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Comprehensive molecular characterization of human colon and rectal cancer.

Nature | Jul 18, 2012

To characterize somatic alterations in colorectal carcinoma, we conducted a genome-scale analysis of 276 samples, analysing exome sequence, DNA copy number, promoter methylation and messenger RNA and microRNA expression. A subset of these samples (97) underwent low-depth-of-coverage whole-genome sequencing. In total, 16% of colorectal carcinomas were found to be hypermutated: three-quarters of these had the expected high microsatellite instability, usually with hypermethylation and MLH1 silencing, and one-quarter had somatic mismatch-repair gene and polymerase ε (POLE) mutations. Excluding the hypermutated cancers, colon and rectum cancers were found to have considerably similar patterns of genomic alteration. Twenty-four genes were significantly mutated, and in addition to the expected APC, TP53, SMAD4, PIK3CA and KRAS mutations, we found frequent mutations in ARID1A, SOX9 and FAM123B. Recurrent copy-number alterations include potentially drug-targetable amplifications of ERBB2 and newly discovered amplification of IGF2. Recurrent chromosomal translocations include the fusion of NAV2 and WNT pathway member TCF7L1. Integrative analyses suggest new markers for aggressive colorectal carcinoma and an important role for MYC-directed transcriptional activation and repression.

Pubmed ID: 22810696 RIS Download

Mesh terms: Colonic Neoplasms | DNA Copy Number Variations | DNA Methylation | Exome | Gene Expression Profiling | Humans | Mutation | Mutation Rate | Polymorphism, Single Nucleotide | Rectal Neoplasms | Sequence Analysis, DNA

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Associated grants

  • Agency: NCI NIH HHS, Id: U24CA143840
  • Agency: NCI NIH HHS, Id: P30 CA016672
  • Agency: NCI NIH HHS, Id: U24 CA143882
  • Agency: NHGRI NIH HHS, Id: U54 HG003067
  • Agency: NHGRI NIH HHS, Id: U54HG003273
  • Agency: NCI NIH HHS, Id: U24 CA143835
  • Agency: NCI NIH HHS, Id: U24 CA143866
  • Agency: NCI NIH HHS, Id: U24CA143858
  • Agency: NCI NIH HHS, Id: U24CA143882
  • Agency: NCI NIH HHS, Id: U24CA144025
  • Agency: NCI NIH HHS, Id: P30 CA016086
  • Agency: NHGRI NIH HHS, Id: U54HG003067
  • Agency: NCI NIH HHS, Id: U24 CA143845
  • Agency: NCI NIH HHS, Id: U24 CA143799
  • Agency: NHGRI NIH HHS, Id: U54 HG003273
  • Agency: NCI NIH HHS, Id: U24 CA144025
  • Agency: NCI NIH HHS, Id: U24CA143883
  • Agency: NHGRI NIH HHS, Id: U54HG003079
  • Agency: NCI NIH HHS, Id: U24 CA126554
  • Agency: NCI NIH HHS, Id: U24 CA143840
  • Agency: NCI NIH HHS, Id: U24 CA143843
  • Agency: NCI NIH HHS, Id: U24CA143867
  • Agency: NCI NIH HHS, Id: U24CA143835
  • Agency: NCI NIH HHS, Id: U24 CA143858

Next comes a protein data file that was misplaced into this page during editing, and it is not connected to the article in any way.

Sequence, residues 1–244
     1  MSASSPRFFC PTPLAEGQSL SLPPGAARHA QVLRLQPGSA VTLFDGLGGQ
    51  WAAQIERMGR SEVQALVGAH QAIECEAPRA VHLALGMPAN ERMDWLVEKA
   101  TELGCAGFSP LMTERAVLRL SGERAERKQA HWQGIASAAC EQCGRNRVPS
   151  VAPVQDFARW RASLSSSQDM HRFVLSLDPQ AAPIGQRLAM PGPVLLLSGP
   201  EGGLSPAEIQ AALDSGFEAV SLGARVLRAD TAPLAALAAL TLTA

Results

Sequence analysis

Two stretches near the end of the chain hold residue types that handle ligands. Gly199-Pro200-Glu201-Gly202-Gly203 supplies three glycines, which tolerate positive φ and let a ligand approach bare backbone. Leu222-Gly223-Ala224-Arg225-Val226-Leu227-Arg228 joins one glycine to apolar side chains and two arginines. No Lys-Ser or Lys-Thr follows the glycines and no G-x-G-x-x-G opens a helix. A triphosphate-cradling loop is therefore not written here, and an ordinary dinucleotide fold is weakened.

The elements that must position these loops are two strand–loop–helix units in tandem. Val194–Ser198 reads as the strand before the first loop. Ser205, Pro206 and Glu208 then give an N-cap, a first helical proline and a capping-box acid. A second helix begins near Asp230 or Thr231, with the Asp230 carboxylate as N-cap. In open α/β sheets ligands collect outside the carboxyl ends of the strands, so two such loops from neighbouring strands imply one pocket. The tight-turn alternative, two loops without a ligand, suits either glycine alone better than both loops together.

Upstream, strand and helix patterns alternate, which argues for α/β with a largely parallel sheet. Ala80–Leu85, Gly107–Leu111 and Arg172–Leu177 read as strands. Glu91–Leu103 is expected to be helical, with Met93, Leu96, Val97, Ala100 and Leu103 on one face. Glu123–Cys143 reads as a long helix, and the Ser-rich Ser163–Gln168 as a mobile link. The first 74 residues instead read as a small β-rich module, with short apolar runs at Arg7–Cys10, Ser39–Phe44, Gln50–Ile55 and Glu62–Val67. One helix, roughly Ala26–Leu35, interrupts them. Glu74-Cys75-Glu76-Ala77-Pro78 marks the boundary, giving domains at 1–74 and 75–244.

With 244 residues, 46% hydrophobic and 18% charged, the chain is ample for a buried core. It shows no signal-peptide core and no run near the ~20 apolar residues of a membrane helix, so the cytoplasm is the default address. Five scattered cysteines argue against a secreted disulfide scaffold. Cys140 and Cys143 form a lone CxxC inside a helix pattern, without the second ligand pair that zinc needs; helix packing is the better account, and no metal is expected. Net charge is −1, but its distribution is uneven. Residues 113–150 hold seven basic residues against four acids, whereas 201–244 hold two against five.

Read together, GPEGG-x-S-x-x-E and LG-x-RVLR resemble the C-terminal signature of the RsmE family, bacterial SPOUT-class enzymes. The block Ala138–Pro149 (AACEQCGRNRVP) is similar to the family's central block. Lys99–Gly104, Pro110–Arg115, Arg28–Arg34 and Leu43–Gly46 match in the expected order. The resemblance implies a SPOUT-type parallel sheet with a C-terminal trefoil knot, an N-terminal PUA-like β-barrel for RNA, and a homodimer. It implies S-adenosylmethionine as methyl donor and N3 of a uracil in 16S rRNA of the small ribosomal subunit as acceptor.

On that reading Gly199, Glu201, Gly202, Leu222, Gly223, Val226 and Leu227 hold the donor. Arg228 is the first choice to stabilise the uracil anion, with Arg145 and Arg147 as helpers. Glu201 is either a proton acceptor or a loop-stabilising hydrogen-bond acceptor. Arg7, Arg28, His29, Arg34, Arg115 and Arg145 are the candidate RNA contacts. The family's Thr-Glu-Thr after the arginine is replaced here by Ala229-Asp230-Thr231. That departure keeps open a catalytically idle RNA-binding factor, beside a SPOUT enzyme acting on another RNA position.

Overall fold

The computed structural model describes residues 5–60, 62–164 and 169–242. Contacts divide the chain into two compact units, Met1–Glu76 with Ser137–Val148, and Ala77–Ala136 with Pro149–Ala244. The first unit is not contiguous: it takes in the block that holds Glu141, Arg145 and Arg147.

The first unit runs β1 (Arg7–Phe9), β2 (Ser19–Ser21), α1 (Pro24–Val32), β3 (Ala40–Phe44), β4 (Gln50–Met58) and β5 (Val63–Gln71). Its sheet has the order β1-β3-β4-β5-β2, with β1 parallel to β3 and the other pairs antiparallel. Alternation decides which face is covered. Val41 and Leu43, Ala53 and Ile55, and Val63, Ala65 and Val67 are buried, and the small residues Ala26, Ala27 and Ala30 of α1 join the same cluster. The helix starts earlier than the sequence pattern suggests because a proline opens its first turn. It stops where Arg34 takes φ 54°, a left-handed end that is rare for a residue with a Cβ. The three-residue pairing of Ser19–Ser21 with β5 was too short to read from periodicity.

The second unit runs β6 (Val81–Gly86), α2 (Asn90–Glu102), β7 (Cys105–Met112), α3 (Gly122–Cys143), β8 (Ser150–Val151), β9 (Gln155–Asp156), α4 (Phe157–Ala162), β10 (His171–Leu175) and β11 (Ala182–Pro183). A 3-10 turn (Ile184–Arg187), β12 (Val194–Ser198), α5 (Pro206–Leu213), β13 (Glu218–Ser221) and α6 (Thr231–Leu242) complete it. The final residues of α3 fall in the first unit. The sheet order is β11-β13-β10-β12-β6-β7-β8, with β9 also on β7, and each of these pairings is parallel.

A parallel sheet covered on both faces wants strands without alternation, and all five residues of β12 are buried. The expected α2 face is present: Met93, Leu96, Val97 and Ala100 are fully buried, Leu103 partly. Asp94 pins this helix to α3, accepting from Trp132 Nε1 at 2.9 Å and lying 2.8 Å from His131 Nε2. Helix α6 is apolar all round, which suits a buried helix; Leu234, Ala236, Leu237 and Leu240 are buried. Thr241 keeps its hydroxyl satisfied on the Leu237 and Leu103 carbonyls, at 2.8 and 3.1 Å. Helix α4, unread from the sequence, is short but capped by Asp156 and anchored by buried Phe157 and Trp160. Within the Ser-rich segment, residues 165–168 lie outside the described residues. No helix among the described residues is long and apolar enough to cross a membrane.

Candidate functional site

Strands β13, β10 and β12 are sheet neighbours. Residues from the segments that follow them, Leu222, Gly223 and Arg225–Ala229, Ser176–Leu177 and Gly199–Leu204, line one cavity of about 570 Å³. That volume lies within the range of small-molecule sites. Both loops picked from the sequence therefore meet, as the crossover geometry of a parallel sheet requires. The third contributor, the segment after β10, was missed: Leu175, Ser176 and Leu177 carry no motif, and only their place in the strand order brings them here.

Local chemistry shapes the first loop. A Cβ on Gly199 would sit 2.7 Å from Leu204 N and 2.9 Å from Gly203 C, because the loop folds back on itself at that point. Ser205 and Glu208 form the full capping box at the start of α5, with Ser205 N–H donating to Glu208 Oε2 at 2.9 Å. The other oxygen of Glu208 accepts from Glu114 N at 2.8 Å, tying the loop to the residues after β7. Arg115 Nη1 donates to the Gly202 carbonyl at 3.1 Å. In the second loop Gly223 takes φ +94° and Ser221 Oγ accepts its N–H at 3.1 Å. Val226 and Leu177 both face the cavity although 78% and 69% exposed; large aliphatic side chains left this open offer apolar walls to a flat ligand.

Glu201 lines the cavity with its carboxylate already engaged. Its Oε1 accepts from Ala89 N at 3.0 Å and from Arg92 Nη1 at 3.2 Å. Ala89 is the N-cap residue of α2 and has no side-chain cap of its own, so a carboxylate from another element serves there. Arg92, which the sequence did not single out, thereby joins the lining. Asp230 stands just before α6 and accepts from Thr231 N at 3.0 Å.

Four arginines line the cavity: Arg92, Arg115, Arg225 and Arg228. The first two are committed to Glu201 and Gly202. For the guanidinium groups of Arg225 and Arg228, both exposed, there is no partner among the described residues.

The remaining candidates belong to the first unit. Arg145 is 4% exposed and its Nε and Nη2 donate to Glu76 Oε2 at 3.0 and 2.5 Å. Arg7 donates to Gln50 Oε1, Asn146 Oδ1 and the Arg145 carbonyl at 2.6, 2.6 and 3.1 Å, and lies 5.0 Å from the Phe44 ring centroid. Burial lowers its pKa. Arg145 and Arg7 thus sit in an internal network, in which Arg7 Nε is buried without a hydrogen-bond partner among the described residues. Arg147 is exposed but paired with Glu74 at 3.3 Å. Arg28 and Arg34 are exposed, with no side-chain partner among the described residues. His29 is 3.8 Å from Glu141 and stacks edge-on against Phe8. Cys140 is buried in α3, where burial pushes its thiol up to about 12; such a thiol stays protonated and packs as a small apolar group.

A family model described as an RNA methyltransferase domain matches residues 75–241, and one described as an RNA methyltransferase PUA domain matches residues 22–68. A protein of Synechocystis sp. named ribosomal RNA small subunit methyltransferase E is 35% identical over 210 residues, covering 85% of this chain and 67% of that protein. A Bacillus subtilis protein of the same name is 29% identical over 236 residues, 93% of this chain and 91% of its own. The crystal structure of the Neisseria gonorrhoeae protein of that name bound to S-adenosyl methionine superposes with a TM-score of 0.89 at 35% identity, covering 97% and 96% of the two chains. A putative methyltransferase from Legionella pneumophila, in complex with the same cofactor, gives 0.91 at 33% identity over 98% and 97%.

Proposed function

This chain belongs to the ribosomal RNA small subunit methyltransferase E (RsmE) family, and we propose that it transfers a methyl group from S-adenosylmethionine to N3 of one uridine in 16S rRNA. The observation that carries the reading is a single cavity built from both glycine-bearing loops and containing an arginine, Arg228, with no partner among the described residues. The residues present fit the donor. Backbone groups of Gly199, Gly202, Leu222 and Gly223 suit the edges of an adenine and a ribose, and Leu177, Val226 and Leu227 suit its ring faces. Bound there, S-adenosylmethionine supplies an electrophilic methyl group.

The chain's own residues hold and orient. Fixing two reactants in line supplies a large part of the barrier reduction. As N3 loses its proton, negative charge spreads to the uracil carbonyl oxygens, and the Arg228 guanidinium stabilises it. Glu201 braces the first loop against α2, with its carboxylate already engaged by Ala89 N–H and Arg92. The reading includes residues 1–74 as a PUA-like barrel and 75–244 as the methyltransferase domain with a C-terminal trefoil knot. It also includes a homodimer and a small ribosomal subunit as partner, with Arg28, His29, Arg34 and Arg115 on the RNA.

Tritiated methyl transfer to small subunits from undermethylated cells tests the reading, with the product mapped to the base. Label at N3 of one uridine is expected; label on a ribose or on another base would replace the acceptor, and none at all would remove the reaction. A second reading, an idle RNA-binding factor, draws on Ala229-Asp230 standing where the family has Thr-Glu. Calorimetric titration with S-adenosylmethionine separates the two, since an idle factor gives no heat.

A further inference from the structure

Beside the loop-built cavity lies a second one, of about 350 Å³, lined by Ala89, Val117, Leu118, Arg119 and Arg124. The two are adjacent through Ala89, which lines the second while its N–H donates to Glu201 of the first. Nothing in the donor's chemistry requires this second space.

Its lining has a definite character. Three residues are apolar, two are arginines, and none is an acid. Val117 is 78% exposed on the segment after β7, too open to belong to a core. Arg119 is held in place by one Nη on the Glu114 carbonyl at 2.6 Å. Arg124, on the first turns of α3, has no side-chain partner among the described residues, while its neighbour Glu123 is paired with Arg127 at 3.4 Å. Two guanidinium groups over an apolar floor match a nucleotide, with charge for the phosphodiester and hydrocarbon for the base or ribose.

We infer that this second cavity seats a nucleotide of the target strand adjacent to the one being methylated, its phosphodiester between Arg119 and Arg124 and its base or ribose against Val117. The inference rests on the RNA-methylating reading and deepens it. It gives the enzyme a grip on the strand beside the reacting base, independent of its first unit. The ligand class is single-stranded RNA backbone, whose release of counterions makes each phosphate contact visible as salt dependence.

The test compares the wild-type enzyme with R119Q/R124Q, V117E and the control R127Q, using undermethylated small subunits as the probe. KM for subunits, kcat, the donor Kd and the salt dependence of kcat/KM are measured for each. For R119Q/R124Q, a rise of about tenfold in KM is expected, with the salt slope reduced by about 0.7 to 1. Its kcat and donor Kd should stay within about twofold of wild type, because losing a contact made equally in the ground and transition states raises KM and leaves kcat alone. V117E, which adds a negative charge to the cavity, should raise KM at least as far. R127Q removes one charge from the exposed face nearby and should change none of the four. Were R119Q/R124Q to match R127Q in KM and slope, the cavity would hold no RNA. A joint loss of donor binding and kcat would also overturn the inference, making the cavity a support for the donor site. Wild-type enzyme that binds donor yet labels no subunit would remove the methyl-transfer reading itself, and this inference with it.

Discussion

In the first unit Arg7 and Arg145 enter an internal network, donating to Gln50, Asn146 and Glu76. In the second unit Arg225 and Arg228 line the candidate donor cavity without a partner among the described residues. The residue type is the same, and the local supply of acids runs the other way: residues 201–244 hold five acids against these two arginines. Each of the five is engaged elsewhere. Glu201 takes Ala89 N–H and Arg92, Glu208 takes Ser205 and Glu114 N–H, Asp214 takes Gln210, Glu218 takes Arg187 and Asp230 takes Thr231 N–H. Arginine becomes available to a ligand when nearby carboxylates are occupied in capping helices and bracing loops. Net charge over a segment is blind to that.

• Agency: NCI NIH HHS, Id: U24CA143843
  • Agency: NHGRI NIH HHS, Id: R01 HG006272
  • Agency: NCI NIH HHS, Id: U24 CA143848
  • Agency: NCI NIH HHS, Id: U24CA143848
  • Agency: NHGRI NIH HHS, Id: U54 HG003079
  • Agency: NCI NIH HHS, Id: U24CA143799
  • Agency: NCI NIH HHS, Id: U24 CA143883
  • Agency: NCI NIH HHS, Id: U24CA143866
  • Agency: NCI NIH HHS, Id: U24CA143845
  • Agency: NCI NIH HHS, Id: U24 CA143867

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The Cancer Genome Atlas

Project exploring the spectrum of genomic changes involved in more than 20 types of human cancer that provides a platform for researchers to search, download, and analyze data sets generated. As a pilot project it confirmed that an atlas of changes could be created for specific cancer types. It also showed that a national network of research and technology teams working on distinct but related projects could pool the results of their efforts, create an economy of scale and develop an infrastructure for making the data publicly accessible. Its success committed resources to collect and characterize more than 20 additional tumor types. Components of the TCGA Research Network: * Biospecimen Core Resource (BCR); Tissue samples are carefully cataloged, processed, checked for quality and stored, complete with important medical information about the patient. * Genome Characterization Centers (GCCs); Several technologies will be used to analyze genomic changes involved in cancer. The genomic changes that are identified will be further studied by the Genome Sequencing Centers. * Genome Sequencing Centers (GSCs); High-throughput Genome Sequencing Centers will identify the changes in DNA sequences that are associated with specific types of cancer. * Proteome Characterization Centers (PCCs); The centers, a component of NCI's Clinical Proteomic Tumor Analysis Consortium, will ascertain and analyze the total proteomic content of a subset of TCGA samples. * Data Coordinating Center (DCC); The information that is generated by TCGA will be centrally managed at the DCC and entered into the TCGA Data Portal and Cancer Genomics Hub as it becomes available. Centralization of data facilitates data transfer between the network and the research community, and makes data analysis more efficient. The DCC manages the TCGA Data Portal. * Cancer Genomics Hub (CGHub); Lower level sequence data will be deposited into a secure repository. This database stores cancer genome sequences and alignments. * Genome Data Analysis Centers (GDACs) - Immense amounts of data from array and second-generation sequencing technologies must be integrated across thousands of samples. These centers will provide novel informatics tools to the entire research community to facilitate broader use of TCGA data. TCGA is actively developing a network of collaborators who are able to provide samples that are collected retrospectively (tissues that had already been collected and stored) or prospectively (tissues that will be collected in the future).

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